Preserved Sites Of North Africa That Would Make A Great Tourism Destination

North Africa has a long and rich history that has seen a number of different cultures and people rule over the land, including the Romans, Phoenicians, Islamic Caliphates, Egyptians and French colonists. Because of this amazing diversity, the area features a wide variety of different preserved sites that show off its history and the people who once ruled the land.

Some of these landmarks, such as the Great Pyramids and the Sphinx, are widely known and extremely popular with tourists.

However, there are many more sites that are just as incredible, yet, somehow less known. Here we’ll take a look at some of the sites that would make great tourism destinations.

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The Old Towns Of Djenné

Located in central Mali, the Old Towns date back to 200BC.

Constructed from mud bricks that baked under the sun, the adobe buildings that make up the area is described by UNESCO as one of the most breath-taking cities in North Africa.

In ancient times, the area was a key stopover for traveling merchants who were traded in gold, salt, and slaves.

Leptis Magna

If you’re a fan of ancient Rome, then this is a must-see. Located in Libya, the Leptis Magna is considered one of the best preserved Roman cities in the world.

Rome conquered the area during the Punic Wars and became it a very wealthy city toward the end of the 2nd century AD.

The emperor Septimus Severus used the money to build beautiful structures, including the basilica, forum, amphitheater and the arch of Septimus Severus, all of which still stand today.


Egypt may be known for its famous Great Pyramids, but the Karnak temple at Luxor is truly spectacular to behold.

The temple emerged over a period of over 1000 years with more than 30 Pharaohs continuously adding to it.

You’ll find large columns, temples, frescos, pylons, and even statues of Pharaohs and gods still standing today.

El Djem

Everyone knows about the Coliseum in Rome, but did you know that next largest amphitheatre in the Roman Empire is located in the small town of El Djem, Tunisia.

It is believed to have held almost 35,000 people.

Much of it is still intact, including the passages in which the men and wild beast were held.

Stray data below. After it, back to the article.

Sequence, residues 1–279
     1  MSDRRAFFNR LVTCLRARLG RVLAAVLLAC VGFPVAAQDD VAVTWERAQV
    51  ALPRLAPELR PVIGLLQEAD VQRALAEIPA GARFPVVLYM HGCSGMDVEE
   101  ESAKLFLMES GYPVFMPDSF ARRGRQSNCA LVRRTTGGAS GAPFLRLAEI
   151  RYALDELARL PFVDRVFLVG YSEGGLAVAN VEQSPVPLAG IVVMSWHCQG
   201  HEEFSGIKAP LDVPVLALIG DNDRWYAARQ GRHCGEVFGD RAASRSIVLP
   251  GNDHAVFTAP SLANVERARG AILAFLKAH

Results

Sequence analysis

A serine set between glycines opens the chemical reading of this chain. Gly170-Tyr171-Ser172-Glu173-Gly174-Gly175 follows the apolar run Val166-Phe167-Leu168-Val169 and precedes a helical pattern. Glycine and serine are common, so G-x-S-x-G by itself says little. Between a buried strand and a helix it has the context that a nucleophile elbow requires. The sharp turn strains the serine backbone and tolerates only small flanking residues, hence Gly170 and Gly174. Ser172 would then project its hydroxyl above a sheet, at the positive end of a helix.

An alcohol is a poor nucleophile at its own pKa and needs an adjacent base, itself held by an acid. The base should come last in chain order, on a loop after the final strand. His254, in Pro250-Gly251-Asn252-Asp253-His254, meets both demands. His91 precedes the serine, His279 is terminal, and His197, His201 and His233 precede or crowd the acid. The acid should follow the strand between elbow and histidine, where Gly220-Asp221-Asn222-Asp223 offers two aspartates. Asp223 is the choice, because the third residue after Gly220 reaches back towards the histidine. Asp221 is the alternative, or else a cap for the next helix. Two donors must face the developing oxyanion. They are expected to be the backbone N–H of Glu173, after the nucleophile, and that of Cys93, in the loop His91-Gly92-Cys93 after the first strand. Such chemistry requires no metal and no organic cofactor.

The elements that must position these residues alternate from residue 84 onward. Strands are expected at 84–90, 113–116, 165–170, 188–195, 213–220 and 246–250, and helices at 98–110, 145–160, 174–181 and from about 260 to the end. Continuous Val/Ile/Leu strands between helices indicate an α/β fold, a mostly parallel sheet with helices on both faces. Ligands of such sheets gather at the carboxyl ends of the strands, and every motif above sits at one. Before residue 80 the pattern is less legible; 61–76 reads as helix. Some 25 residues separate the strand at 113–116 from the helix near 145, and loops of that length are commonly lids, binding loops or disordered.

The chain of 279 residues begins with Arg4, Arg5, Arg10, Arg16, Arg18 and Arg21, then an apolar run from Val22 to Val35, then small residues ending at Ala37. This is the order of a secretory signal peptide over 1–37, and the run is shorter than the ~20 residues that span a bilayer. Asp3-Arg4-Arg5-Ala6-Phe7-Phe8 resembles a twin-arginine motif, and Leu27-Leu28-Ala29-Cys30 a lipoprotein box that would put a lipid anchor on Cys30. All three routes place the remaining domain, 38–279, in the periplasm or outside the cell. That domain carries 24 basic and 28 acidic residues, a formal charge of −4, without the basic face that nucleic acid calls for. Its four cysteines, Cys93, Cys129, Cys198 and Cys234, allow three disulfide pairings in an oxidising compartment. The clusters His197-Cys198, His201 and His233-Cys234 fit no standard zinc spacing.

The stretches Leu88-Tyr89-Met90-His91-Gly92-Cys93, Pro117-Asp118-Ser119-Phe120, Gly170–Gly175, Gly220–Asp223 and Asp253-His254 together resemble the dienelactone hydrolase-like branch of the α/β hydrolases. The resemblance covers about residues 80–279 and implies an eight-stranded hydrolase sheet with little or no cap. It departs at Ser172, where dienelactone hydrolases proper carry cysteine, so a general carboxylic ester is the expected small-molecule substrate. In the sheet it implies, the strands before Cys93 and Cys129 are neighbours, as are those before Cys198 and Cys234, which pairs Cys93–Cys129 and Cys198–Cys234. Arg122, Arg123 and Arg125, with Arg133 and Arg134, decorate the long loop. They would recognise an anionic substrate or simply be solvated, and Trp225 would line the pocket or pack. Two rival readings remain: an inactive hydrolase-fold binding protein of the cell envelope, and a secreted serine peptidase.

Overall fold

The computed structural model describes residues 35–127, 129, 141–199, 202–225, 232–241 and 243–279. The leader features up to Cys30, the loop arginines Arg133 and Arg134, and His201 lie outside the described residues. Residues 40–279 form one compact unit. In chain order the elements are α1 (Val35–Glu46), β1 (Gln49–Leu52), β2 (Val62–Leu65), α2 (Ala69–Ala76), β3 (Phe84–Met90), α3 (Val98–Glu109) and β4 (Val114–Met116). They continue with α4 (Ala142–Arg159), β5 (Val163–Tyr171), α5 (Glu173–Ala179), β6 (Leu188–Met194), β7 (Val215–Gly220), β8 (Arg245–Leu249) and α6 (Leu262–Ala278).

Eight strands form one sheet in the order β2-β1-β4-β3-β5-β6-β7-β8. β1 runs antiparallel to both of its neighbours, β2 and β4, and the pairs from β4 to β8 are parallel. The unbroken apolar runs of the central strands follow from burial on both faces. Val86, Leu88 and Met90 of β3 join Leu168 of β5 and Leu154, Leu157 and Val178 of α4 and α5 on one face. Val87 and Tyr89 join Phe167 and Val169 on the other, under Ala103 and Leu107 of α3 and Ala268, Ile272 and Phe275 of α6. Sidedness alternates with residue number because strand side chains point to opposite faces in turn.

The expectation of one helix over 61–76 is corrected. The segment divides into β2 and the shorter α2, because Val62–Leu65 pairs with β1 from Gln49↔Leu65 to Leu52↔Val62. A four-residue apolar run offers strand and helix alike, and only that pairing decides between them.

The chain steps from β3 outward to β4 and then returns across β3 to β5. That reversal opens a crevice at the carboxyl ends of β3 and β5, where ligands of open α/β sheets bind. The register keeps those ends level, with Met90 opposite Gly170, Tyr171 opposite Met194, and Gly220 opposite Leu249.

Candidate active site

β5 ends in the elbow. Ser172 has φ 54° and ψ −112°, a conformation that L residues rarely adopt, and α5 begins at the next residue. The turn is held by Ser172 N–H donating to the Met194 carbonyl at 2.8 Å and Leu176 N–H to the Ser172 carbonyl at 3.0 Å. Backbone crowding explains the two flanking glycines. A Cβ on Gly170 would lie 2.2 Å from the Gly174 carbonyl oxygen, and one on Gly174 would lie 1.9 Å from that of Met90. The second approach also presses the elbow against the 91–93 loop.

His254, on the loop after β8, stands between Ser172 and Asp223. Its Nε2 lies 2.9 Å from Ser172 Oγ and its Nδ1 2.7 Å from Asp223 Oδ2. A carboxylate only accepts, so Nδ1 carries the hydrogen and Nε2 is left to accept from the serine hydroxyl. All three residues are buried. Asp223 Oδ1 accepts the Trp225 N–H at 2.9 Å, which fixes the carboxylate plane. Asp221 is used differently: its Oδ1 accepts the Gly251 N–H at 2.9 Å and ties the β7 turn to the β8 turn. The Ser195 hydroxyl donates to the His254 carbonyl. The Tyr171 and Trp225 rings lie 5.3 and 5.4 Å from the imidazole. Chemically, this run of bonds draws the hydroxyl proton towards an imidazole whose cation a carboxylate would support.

North Africa has a long history that has affected every culture and civilization in the world today.

Although there are many popular sites that tell the story of its history, there are also some sites that are usually overlooked by tourists.

Don’t be afraid to take the road less travelled and experience some really incredible destinations.

Ancient Art And Craft Originated From North Africa: Hieroglyph

Commonly associated with Egyptian monuments, tombs, and statues, hieroglyphs are a form of pictorial writing that mostly represent sounds, groups of them or the objects depicted in them.

“The words of the gods.”


Hieroglyph is a Greek word that means ‘sacred carving’, but is actually a translation from the Egyptian term ‘the words of the gods’. It became clear with a further historical investigation that those beautiful symbols were made to be carved and drawn in temples and important places, but not for everyday commerce in which the hieratic was handwritten and a much more abbreviated symbol to use. It is often said that the demotic (still used today) is a natural descendant of it. The very strange and important thing to understand about Egyptian art is that it wasn´t conceived as we conceive art today. The most important use given to it was ritual and everlasting, but not especially for the public eye, instead, for the inside of tombs and hallways which entrance was forbidden many times for the artist itself. It was an art not to be shown as the great article by the Khan Academy explains.

“Theodosius I was a Byzantine Emperor who shut down all pagan temples in the whole empire around AD 390.”

Almost Lost

Theodosius I was a Byzantine Emperor who shut down all pagan temples in the whole empire around AD 390.

This tremendous action included all Egyptian temples and writing, which lead 4,000 years of writing tradition into a violent ending and the banning of it for almost 1,500 years.

When the first discoveries were made in terms of tombs and temples entering, the writing found there was not legible and very little was known about the inscriptions and their meaning.

“This discovery allowed mankind to know more about the old Egyptian society than any other ancient culture.”

The Rosetta Stone